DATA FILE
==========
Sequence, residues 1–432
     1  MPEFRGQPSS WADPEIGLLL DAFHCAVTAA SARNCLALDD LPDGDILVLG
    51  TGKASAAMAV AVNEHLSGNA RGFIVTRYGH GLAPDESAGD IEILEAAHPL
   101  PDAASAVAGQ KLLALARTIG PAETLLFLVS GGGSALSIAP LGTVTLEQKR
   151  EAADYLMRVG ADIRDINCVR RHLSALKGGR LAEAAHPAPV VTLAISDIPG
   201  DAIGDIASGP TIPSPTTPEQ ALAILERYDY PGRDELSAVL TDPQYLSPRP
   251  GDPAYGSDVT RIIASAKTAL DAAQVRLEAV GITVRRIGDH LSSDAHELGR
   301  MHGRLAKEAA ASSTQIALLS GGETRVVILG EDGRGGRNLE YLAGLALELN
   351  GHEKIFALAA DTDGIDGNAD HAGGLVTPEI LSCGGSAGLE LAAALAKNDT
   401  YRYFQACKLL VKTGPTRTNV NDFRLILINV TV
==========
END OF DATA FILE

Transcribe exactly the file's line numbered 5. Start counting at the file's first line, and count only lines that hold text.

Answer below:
   151  EAADYLMRVG ADIRDINCVR RHLSALKGGR LAEAAHPAPV VTLAISDIPG